DEPARTMENT OF HOMELAND SECURITY APPROPRIATIONS ACT, 2006 -- (House of Representatives - May 17, 2005)
BREAK IN TRANSCRIPT
Mr. PALLONE. Mr. Chairman, I move to strike the last word.
I rise in support of the Menendez amendment, and I want to mention to the gentleman that I know that he is also familiar with this issue, being the ranking member on the subcommittee on the Committee on Energy and Commerce that has jurisdiction over chemical security; and I would hope that as time goes on that we could in our committee, in the Committee on Energy and Commerce, and specifically in the gentleman's subcommittee, have a hearing and address this issue in a more comprehensive way because I do think it needs to be addressed.
In the meantime, I agree with the gentleman from New Jersey (Mr. Menendez), my colleague, that we should provide additional funding in this appropriations bill to have our State and local responders try to address this issue in a significant way or at least provide some funding so that they could.
As the gentleman from New Jersey (Mr. Menendez) mentioned, we have a number of facilities in our own State of New Jersey where we know that under this EPA report over 1 million people at each of those facilities could be negatively impacted if there was a terrorist attack on a chemical facility. He mentioned at least eight.
In fact, in a hearing just last week in the United States Senate, Mr. Robert Falkenroth, who was a former Bush official with the Homeland Security Department, actually said before the United States Senate that his biggest fear in terms of another terrorist attack would be an attack on a chemical facility. He knows and we know and the Department of Homeland Security knows that this is the one area in the aftermath of 9/11 that has not been addressed.
We have talked about attacking a nuclear plant. We have talked about attacks on port facilities. We have talked about attacks at airports. In every case, there has been an effort by this body to address a terrorist attack and to deal with security issues at those various facilities, but not so in the case of chemical plants. For whatever reason, we have said to the industry that you are on your own; you voluntarily set your own standards. We have not taken action in the House of Representatives or in the Senate to address the issue, and I think that is a shame.
There have been various occasions in the past, most notably in the case of Bhopal, many of my colleagues just remember we just had the 20th anniversary of the Bhopal disaster. In the case there, Union Carbide owned a plant. It was not a terrorist attack, but the result there was over 20,000 people killed. That was not because of a terrorist attack. That was because of neglect or negligence on the part of Union Carbide. It had nothing to do with a terrorist attack, but the devastation at Bhopal, not the 20,000 that were killed but the hundreds of thousands in the aftermath of that crisis 20 years later, are still suffering, have not received medical attention, the impact on their children and the disorders that they are now seeing with their children, I mean, this is the type of thing that needs to be addressed, and it is not being addressed here.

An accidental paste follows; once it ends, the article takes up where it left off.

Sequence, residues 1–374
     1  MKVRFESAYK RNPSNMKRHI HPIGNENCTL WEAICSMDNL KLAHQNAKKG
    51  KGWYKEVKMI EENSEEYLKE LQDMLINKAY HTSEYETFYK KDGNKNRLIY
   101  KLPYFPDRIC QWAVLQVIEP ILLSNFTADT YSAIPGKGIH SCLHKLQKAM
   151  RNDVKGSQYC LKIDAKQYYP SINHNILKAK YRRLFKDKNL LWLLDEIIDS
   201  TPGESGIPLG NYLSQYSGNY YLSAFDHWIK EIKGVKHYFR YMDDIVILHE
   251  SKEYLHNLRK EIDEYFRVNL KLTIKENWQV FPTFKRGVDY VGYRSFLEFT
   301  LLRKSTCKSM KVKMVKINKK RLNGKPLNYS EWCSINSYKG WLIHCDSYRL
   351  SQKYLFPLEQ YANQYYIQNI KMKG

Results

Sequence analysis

I think my understanding is that the gentleman from New Jersey's (Mr. Menendez) amendment would shift $50 million to State and local programs to try to get them to address this issue.
Now, I think we need a comprehensive program. Senator Corzine and myself have introduced the Chemical Security Act, myself here in the House, he in the Senate, which basically establishes a nationwide program that would require that chemical plants provide for security. But absent that, because we have not had that, we have not even had a hearing on it in this House, we need our local responders and our State responders, the way my colleague, the gentleman from New Jersey (Mr. Menendez), has described, to have some money so they can go out and do some things to try to shore up this problem and deal with this problem.
So I just want to say again that this is something we should do. It has been neglected here in the House. Hopefully, we will pass the Menendez amendment. Hopefully, we will have a hearing in our subcommittee, Mr. Chairman, and we can begin the process with this amendment of addressing this very important issue not only for the State of New Jersey but for the Nation as a whole.
BREAK IN TRANSCRIPT
Mr. PALLONE. Mr. Chairman, let me reiterate, or support again what my colleague, the gentleman from New Jersey (Mr. Menendez), said. And I appreciate the comments from our ranking member, but the problem is that the House has not been willing to take up, even in our subcommittee, this issue. In other words, it would be great if we had the opportunity to bring up a bill, I have mentioned the Chemical Security Act, that would actually mandate that companies do in fact come up with their own assessment plans to respond in the event of a terrorist attack. I agree that would be a great thing. But, again, we are not moving in that direction. We have not even had a hearing in our subcommittee on this issue.
Absent that, what we need is some money going back to the States. Because under the Menendez amendment, if money was going back to the States specifically for a chemical security response, then a State like our own of New Jersey would be able to take that funding and basically do some of the things that we would like the Federal Government to do that they are not doing.
So this would accomplish that goal at least for those States that want to take the initiative; that they would have some money for their State and local programs to make the chemical companies respond and do something about this threat. The problem now, as our ranking member said, this is not happening. It is strictly left up to the voluntary efforts of the chemical plants, and that is not a good response.
BREAK IN TRANSCRIPT